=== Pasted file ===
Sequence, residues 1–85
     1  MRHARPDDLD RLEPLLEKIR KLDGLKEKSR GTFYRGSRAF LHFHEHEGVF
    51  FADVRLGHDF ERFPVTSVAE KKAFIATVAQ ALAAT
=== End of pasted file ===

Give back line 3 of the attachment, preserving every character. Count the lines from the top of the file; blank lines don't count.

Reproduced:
    51  FADVRLGHDF ERFPVTSVAE KKAFIATVAQ ALAAT